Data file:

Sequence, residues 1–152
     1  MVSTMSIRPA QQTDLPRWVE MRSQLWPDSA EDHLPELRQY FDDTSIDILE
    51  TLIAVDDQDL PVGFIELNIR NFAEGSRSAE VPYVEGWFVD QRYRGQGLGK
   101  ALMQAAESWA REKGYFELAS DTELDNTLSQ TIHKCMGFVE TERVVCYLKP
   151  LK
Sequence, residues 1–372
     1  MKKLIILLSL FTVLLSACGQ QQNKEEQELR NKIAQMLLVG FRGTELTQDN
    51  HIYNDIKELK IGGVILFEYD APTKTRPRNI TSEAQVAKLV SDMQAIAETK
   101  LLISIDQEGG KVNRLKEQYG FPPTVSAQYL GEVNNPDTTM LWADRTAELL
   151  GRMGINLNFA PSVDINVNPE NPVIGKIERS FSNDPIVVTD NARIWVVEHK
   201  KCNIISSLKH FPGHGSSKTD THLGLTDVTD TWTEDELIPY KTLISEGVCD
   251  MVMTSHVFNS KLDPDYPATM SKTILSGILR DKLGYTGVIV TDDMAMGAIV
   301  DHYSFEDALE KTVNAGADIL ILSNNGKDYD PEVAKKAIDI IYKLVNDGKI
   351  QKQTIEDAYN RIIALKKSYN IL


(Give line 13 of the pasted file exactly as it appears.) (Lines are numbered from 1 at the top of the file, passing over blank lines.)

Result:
   301  DHYSFEDALE KTVNAGADIL ILSNNGKDYD PEVAKKAIDI IYKLVNDGKI